In order to identify, understand, and assess children’s mathematical thinking, we have created two continua of numeracy development over time. Wherever possible, we drew on the existing theory and research to identify, infer, and label children’s behaviour and thinking.
In particular, we identified and described the mathematical strategies—the actions, words, or written work children use to calculate or solve problems. We also labelled the key ideas we inferred they had, or were building, as they used a given strategy. We combined our field observations and inferences to create the Student Continuum of Numeracy Development: Addition and Subtraction and the Student Continuum of Numeracy Development: Multiplication and Division, which document children’s mathematical growth over time. The numeracy continua provide a graphic outline of this general progression, with the earliest strategies at the left, and the more efficient and complex ones at the right, while the inferred key ideas are shown across the bottom. Although there is an overall progression forward, the continua also document what we saw and what all observant teachers know: children’s mathematical progress is neither linear nor strictly developmental; instead, it jumps forward and backward and sometimes shifts laterally. The continua, therefore, allow for a variation in paths that the children in the videos took as they progressed mathematically. Finally, the continua are lenses through which teachers can view the mathematical development of children and can be used in classrooms to assess and plan for instruction.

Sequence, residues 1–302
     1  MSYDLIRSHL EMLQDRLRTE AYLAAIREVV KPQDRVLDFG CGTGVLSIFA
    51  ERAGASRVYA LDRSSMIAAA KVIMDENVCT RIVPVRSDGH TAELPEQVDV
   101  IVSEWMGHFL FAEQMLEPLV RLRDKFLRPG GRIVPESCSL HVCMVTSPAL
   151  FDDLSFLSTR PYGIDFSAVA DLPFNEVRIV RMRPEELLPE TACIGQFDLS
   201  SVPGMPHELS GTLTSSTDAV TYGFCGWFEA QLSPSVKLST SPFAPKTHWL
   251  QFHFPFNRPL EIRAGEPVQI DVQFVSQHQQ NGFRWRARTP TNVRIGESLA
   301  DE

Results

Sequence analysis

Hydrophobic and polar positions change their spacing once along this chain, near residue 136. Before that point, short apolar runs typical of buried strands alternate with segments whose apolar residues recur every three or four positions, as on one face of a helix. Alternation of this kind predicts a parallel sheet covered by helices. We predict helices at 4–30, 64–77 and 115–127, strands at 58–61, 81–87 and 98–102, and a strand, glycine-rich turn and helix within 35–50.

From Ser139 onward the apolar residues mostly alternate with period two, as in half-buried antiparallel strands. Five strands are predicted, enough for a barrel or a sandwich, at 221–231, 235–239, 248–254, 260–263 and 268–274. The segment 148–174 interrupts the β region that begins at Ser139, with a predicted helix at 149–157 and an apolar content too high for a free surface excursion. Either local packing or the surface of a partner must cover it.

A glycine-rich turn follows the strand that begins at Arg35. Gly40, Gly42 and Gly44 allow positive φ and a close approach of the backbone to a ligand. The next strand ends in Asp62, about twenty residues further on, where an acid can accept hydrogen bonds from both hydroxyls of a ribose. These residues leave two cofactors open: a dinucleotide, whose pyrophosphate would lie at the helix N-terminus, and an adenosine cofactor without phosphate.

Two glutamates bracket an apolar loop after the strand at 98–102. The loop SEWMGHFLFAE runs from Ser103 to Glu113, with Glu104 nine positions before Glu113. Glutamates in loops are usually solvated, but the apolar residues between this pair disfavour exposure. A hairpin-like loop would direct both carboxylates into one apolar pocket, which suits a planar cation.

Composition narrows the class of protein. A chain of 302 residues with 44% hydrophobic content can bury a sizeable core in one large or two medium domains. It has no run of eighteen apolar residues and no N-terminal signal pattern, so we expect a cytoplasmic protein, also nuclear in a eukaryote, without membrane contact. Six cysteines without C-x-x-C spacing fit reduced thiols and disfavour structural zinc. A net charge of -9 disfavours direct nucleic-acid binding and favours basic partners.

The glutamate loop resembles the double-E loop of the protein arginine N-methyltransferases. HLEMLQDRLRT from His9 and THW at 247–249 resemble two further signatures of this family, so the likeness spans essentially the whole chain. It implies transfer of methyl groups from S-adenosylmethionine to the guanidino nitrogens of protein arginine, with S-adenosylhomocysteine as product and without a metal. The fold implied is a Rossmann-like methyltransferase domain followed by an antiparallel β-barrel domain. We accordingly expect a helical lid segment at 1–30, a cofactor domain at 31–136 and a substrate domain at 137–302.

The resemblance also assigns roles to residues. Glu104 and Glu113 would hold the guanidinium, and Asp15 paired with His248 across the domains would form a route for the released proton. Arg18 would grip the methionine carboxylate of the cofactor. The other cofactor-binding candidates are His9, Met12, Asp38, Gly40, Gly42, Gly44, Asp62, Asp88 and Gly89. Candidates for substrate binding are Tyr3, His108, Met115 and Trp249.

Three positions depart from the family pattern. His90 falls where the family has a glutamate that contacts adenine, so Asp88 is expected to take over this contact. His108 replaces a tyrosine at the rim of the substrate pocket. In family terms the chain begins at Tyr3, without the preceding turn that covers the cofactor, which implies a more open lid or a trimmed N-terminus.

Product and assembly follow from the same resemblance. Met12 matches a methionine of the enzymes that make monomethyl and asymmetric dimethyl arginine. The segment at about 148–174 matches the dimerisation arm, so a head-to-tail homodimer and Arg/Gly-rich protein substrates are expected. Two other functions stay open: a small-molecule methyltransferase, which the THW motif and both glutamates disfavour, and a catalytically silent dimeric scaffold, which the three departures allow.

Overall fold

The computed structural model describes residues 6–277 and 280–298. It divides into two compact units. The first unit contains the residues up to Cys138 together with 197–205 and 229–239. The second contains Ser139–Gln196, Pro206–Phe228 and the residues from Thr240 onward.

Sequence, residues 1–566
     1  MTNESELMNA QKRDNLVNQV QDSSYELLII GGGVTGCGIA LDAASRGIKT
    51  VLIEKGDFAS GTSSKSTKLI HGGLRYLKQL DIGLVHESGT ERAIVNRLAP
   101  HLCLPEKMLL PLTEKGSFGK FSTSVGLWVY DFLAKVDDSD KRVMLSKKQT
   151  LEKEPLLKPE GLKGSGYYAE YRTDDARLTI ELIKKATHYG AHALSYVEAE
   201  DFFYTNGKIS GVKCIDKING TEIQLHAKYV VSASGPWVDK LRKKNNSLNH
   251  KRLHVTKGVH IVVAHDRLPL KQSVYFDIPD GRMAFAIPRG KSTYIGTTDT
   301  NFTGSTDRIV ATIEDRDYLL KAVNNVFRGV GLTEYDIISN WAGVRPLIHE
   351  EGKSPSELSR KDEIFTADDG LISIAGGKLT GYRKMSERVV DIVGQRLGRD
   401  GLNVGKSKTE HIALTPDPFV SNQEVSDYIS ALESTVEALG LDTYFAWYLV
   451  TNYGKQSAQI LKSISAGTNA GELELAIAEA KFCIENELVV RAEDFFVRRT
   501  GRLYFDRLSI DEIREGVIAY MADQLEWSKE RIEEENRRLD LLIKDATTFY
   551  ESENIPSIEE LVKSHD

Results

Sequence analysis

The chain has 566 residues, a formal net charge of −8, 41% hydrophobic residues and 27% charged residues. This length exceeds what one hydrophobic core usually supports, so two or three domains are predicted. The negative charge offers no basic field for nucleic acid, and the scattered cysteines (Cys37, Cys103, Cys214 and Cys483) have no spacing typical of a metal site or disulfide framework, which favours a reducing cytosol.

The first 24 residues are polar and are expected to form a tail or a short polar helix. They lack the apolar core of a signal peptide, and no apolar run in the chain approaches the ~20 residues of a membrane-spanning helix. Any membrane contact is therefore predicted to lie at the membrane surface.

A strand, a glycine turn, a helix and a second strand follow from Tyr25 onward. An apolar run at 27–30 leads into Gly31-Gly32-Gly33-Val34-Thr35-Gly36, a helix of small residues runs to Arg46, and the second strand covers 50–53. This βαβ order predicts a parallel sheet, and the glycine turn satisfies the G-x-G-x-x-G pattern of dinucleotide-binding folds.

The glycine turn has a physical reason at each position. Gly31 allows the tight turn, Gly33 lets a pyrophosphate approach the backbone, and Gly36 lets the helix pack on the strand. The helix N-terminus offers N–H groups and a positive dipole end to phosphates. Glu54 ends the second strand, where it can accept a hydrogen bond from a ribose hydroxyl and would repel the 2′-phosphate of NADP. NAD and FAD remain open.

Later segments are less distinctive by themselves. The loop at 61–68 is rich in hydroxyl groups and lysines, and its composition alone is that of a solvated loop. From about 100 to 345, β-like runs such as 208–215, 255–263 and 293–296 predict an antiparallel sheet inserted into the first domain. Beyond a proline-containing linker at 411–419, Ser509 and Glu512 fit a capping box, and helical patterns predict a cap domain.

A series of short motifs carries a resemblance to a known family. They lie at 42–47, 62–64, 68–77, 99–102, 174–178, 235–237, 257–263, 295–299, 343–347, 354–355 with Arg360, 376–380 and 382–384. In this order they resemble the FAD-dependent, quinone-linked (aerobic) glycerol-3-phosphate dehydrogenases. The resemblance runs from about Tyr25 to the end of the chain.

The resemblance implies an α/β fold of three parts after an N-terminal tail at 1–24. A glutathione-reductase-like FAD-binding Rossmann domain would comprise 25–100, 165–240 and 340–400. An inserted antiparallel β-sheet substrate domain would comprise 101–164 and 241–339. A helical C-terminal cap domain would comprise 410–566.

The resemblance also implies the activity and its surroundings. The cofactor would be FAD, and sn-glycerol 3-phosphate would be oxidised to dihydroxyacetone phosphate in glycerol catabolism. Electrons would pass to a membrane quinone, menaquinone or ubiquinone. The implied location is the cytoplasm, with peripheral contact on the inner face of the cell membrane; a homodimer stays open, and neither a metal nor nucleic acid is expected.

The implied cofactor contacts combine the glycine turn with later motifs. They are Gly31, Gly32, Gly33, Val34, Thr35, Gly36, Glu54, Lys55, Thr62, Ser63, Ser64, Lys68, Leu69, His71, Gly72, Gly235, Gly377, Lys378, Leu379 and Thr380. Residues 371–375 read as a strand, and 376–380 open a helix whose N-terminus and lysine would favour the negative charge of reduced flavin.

We make use of two overall terms in the continua of children’s mathematical development in numeracy:
A strategy is what you hear and see as children work to solve a problem or to do a calculation. For example, suppose a child solves 5 + 7 by reversing the numbers, then raising 5 fingers as a physical model to be counted, putting each finger down while counting 8, 9, 10, 11, 12. The child is using the strategy of counting on from the larger number. The child is also demonstrating the use of knowledge you cannot see: a mathematical key idea.